September 21, 2016

2016 and the Need for Speed

It took another year to deal with my physical injuries and major depression. I finally started to run painlessly and consistently in May 2016. On the racing front, my first trail race in over a year will be the 10-mile Silent Trails race in the mountains between Laramie and Cheyenne.

My build-up program consists of ongoing workouts designed to prevent glute injuries, running 5-6 miles every other day on the dirt roads around home, and a weekly long trail run. My body is responding well, so I’m already scheduling several future races--topped off with next summer’s Never Summer 50K (assuming there is one; if not, I’ll do the Bighorn 50K).

But, two challenges: Firstly, I’ve gained 10 pounds over the past year due to medications, resulting in a slower pace. More consistent running and fewer cookies should help. I’m about 50 pounds heavier and a couple of decades older than the average trail runner.

Secondly, I struggle with feeling that I have to beat the majority of runners in races. More specifically, I would rather not race than embarrass myself by finishing in the bottom half.

I’ve always finished in the top half, but given my age and weight and a base trail fitness still under development, I won’t meet my minimum expectation for a while.

Which means I have to either humble myself or not race. Becoming humble is a good character trait. Note: By saying that I have to humble myself, I don’t mean to insult people whose finish times are below the median. It’s more of a competition with myself. It’s a goal I’ve imposed like making straight A’s, earning a superior rating at work, or vainly making people think I’m cool.

Competition vs. Participation

Ryan Hill posted a comment the other day that is revolutionizing my thinking: he said that the original meaning of the word “competition” in Latin is to work toward a common goal together. It’s striving to enjoy the journey toward crossing the finish line--together--with speed being secondary. Of course, for the top 5%, speed may be primary, and that’s noble.
But the rest of us should see the whole experience of grinding toward the finish with others as the primary triumph, with rank being something that we might use to measure our own fitness, effort, strategy, etc. It helps when others (like my loving wife) remind us of this.

So I’m still learning to accept myself as I shoot for goals. Self-acceptance is one of the many treasures that trail racing can unearth for all of us.

“I lift my eyes up unto the mountains; where does my help come from? My help comes from you oh Lord...” Psalm 121

March 4, 2015


So let’s remove the fig leaf. ... 2014 was the worst year of my life, a year of unprecedented loss. No running. No races. The proximal hamstring tendinopathy (where the hamstring tendon attaches to the sitbones) will not be healed enough for running until the summer of 2015. Although I’ve been in physical therapy since the injury occurred in May 2013, the doctors looked at the MRIs and after many exams finally told me last summer that it’s a 2-year injury. This devastated me.

Every single day I dream of running and racing again. I study every book and journal article I can find on rehab and running technique. Every PT exercise, every day, is to get me back into running. This has lasted for almost 2 years. I’ve never gone without running for more than a few months in my entire life until now.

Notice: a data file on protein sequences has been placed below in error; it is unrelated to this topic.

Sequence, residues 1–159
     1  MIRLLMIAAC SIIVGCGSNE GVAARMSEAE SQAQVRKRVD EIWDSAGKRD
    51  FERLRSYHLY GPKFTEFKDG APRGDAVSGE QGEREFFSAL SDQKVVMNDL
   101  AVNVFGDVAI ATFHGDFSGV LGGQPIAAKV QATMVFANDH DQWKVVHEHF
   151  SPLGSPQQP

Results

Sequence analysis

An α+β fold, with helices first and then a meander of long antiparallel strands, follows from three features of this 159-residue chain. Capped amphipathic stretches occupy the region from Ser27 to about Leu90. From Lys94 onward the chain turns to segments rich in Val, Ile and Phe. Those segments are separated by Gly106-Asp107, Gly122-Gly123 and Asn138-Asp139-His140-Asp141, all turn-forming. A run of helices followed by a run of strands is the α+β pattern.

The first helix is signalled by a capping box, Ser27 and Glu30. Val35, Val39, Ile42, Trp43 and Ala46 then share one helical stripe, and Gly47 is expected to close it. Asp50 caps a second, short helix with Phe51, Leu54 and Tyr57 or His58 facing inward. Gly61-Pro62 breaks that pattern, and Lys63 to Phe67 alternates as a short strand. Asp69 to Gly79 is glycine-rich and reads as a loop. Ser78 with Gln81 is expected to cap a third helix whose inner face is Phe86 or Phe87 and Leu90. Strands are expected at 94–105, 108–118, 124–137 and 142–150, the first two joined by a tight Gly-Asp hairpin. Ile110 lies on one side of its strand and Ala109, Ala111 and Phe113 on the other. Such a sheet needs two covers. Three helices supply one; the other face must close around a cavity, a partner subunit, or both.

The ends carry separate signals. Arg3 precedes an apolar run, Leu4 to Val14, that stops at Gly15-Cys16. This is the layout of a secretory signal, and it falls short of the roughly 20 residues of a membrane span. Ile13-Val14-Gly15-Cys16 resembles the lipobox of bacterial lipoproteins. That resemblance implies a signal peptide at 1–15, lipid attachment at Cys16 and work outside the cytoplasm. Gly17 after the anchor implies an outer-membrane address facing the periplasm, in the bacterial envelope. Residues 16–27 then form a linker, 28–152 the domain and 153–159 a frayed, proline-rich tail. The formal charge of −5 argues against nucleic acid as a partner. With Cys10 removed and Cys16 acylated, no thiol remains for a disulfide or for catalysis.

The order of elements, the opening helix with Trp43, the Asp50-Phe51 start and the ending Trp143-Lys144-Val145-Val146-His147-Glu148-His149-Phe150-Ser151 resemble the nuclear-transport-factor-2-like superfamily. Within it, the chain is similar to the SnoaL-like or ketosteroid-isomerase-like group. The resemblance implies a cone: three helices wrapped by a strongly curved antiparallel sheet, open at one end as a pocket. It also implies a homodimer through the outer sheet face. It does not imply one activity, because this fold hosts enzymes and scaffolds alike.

Other losses: Both of my daughters left home for college, leaving the house very empty. A close loved one quickly began deteriorating with early dementia. My best friend at work died suddenly. The administrivia at my federal job intensified more than ever before, taking me away from the kind of work I love and robbing it of meaning.

It was the perfect storm of losses. Severe depression & anxiety were the result.

The struggle became so overwhelming that I left my job of 23 years with the Forest Service, despite the resulting financial pressure. My boss wanted to keep me on leave without pay, but I needed more help. Rooted in both genetics and merciless perfectionism, and crappy self-worth, the psychiatric disorders caused me to withdraw and isolate. I had “lost” my running friends, work friends and church friends. So the day after I quit, I left for a 3-week hospital stay at Meier Clinics in Dallas and was diagnosed with severe MDD and GAD, with PTSD from the loss of running due to the injury.

I’m still grieving the losses and illogically dreading the future, shedding the most real tears since I was a baby. But I have the tools, therapy and meds to help climb out of the pit. I just need to use them and rest. It's quite challenging to just be a "human being" rather than a "human doing." 2015 is a time to redefine. I finally have some traction in my training program where I can slowly step up my training program without pain, for the first time since 2013.

So what of my racing future?

I’m still 100% committed and burning hot to race on the trails. But I’ve finally had to admit that 2015 is a transition year, not a comeback year. Periodization is necessary, but it’s counterintuitive to my perfectionism that sees phasing as a weakness. A transition year is antithetical to a performance-based sense of self-worth. It’s humbling because there’ll be no dramatic breakthrough moments physically or mentally. I must patiently continue to train in the moment.

Transition. Phase-in.There’s nothing wrong with just participating in races, no matter how slow I go. I’m ferociously competitive, mostly with myself--but if that’s all I am, then I’m an empty human. Performance-based addiction--basing my self-worth on performance--will always, always, ultimately lead to a dead-end.

It’s time to trample the fig leaf and heal.

I originally began this blog 3 years ago to inspire, inform and entertain, from the perspective of a non-elite. I just wanted to sharpen my writing skills and have fun. But it evolved into somewhat of a fig leaf. And so over the next year, I’ll begin refining Feral Pursuits to reflect the original purpose better. In other words, not trying to impress anymore, and basing my self-worth on what God says about me.